The financial technology sector, or fintech for short, has become a magnet for money.
Since 2010, nearly 2,500 fintech startups across the globe have attracted more than $50 billion in investments by venture capitalists, private equity firms and others, according to management consulting firm Accenture. In 2015 alone, $22.3 billion was invested in fintech startups, up 75 percent from 2014.
Fintech companies, a group that includes companies such as PayPal and Square, initially made their mark introducing disruptive new ways of doing things – such as processing payments or making loans – that directly competed with banks and other traditional financial institutions.
“The large institutions no longer have a stranglehold on everything that happens,” said Jay Bigelow, director of entrepreneurship at CED, a Triangle support group for entrepreneurs. “That sort of disruption has opened the door for a lot of (startups) to come along.”
“The driving force is the breakthrough of different technologies, mobile being one of them,” he added. “The idea that I’m going to securely be able to pay things with my phone is really brand-new territory and has changed the landscape of banking and credit cards and credit processing.”
In recent years, however, a second category of fintech company has emerged – those that are working with banks and other established players.
Michael Lyons, an executive vice president at PNC Bank who is in charge of the company’s fintech efforts, said that major banks have awakened to the challenge of fintech and are ramping up their response.
“That challenge has morphed into opportunity,” he said. PNC has invested in two fintech companies, instituted pilot programs with fintech startups and has teamed up with other large banks to develop a digital person-to-person money transfer service.
CED classifies more than 30 entrepreneurial companies across North Carolina as fintech, with two-thirds of those businesses headquartered in the Triangle.
Dhruv Patel, CED’s director of investor relations, describes the Triangle’s fintech community as nascent.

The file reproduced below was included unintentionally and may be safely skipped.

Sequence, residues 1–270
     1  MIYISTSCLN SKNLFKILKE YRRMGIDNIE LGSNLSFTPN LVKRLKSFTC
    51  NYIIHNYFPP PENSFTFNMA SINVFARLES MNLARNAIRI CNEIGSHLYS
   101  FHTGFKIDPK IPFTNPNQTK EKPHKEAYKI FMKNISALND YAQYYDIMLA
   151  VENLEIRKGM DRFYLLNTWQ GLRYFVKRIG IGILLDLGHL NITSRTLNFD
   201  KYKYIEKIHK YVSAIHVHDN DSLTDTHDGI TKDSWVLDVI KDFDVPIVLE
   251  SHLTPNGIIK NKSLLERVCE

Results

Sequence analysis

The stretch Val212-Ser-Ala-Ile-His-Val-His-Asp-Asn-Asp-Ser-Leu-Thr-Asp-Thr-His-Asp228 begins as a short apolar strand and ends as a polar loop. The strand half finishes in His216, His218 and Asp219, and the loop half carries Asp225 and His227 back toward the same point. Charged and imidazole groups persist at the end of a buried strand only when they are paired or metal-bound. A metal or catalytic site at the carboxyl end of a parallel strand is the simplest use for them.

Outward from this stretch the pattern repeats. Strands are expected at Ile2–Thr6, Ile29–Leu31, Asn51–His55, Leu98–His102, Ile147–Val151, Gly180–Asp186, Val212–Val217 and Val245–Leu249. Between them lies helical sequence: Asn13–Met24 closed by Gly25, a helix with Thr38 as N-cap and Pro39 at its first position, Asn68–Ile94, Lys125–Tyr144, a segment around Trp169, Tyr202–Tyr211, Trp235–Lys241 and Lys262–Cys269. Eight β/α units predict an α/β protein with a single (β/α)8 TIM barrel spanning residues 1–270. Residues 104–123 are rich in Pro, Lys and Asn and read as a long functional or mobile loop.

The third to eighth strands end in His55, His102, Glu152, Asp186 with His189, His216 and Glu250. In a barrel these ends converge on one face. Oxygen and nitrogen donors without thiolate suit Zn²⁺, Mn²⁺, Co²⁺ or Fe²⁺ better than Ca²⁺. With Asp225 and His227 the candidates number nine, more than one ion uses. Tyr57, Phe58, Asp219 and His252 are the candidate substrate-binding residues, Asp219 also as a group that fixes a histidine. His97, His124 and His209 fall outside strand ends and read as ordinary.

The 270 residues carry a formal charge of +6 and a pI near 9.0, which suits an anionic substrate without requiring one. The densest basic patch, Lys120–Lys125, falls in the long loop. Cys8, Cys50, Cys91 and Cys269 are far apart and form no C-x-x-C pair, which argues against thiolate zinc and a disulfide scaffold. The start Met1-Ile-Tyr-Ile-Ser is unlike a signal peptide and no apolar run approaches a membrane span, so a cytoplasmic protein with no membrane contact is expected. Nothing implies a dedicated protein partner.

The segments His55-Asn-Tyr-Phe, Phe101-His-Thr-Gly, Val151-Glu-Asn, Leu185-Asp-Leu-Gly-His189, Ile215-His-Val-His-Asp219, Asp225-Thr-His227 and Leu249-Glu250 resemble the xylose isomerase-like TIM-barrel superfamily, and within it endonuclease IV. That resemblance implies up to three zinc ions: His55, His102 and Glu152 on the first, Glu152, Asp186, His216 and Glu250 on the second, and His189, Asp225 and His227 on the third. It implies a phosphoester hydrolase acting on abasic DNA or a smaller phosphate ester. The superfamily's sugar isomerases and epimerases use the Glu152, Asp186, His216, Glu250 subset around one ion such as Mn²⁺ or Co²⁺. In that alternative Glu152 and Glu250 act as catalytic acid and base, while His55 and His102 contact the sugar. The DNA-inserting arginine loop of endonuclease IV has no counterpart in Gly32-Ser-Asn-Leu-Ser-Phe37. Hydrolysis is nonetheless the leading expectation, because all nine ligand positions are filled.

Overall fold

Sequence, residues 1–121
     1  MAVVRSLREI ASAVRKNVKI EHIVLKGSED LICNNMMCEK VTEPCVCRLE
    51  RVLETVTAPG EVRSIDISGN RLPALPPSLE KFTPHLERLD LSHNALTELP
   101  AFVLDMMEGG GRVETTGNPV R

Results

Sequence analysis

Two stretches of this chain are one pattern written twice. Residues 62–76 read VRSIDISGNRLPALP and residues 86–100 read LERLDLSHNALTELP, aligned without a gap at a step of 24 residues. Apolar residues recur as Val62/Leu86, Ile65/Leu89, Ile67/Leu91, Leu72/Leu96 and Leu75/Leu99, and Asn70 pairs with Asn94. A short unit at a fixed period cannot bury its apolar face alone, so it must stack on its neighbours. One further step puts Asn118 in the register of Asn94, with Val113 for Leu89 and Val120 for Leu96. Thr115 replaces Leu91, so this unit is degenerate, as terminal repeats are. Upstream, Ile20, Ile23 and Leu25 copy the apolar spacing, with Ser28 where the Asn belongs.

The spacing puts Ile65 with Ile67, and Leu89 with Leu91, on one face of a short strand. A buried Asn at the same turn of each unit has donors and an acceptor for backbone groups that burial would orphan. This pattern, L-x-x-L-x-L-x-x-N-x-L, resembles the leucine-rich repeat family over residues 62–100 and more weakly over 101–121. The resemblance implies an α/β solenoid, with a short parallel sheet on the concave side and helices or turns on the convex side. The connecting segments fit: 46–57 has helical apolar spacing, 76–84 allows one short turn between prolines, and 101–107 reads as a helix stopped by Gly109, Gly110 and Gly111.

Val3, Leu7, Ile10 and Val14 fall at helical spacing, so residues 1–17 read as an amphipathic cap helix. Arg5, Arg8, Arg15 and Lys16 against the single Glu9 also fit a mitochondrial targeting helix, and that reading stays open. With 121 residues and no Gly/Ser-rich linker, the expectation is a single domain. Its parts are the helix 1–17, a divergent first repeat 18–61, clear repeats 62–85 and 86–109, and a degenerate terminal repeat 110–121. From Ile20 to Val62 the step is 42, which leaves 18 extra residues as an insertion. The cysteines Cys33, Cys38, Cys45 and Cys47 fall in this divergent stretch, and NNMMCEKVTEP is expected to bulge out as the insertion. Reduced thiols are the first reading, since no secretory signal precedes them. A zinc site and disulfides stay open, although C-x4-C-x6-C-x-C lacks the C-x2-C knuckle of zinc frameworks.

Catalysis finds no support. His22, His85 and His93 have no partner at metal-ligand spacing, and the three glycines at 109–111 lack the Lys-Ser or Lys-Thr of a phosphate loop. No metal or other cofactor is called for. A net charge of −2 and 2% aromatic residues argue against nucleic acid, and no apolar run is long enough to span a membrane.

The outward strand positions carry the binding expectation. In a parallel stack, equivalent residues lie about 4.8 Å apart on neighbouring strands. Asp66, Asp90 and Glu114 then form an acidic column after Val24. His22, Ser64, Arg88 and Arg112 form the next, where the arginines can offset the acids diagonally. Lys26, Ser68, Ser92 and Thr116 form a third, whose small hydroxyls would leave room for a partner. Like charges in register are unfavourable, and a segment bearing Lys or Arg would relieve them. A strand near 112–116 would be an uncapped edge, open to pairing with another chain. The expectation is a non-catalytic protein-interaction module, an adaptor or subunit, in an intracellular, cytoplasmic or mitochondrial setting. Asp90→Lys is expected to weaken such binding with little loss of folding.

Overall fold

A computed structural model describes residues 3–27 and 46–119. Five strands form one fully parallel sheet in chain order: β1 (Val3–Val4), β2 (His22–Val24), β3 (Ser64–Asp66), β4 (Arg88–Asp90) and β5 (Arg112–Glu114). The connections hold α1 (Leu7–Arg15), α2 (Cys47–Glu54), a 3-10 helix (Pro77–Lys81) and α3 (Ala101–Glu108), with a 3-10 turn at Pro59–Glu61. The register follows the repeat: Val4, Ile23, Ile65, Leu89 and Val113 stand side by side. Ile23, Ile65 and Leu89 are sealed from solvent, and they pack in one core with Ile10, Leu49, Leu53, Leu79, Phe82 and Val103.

“These are very early days,” he said.
Durham-based PatientPay provides paperless billing for medical practices and hospitals.
It’s not only a cheaper alternative, providing savings of up to $4 per collected payment for medical practices, but it also triggers significantly faster payment by patients, said co-founder and CEO Tom Furr.
The reason: With PatientPay’s patented technology, the bill issued by the healthcare provider is in synch with what the patients’ health insurer says that the patient owes in out-of-pocket costs, which often isn’t the case with traditional bills. That eliminates the confusion that prompts patients to delay paying their bill while they try to reconcile what they really owe.
“If I can’t understand it, I’m not going to pay it,” said E. Miles Kilburn, founding partner of Mosaik Partners, a San Francisco venture capital firm that has invested in PatientPay.
“What PatientPay has done,” Kilburn added, “is simple and yet is a very, very large advancement in the ability to get people to understand their bills and then pay them.”
Prompt patient payments are more important than ever because of the growing popularity of high-deductible insurance plans under which consumers pay a greater share of medical costs.
“High-deductible plans are the future of healthcare,” Furr said.
PatientPay, which was incorporated in 2008 and released its first product in 2010, has about 100 customers. In addition to working directly with healthcare providers it recently started signing up recovery cycle management companies that handle billing for hospitals, including one that works with about 60 hospitals
PatientPay, which has 15 full-time employees supplemented by 10 contractors, has raised about $9 million from investors to date. Furr anticipates that the company will seek to raise another round of funding amounting to $5 million or more in the fall.
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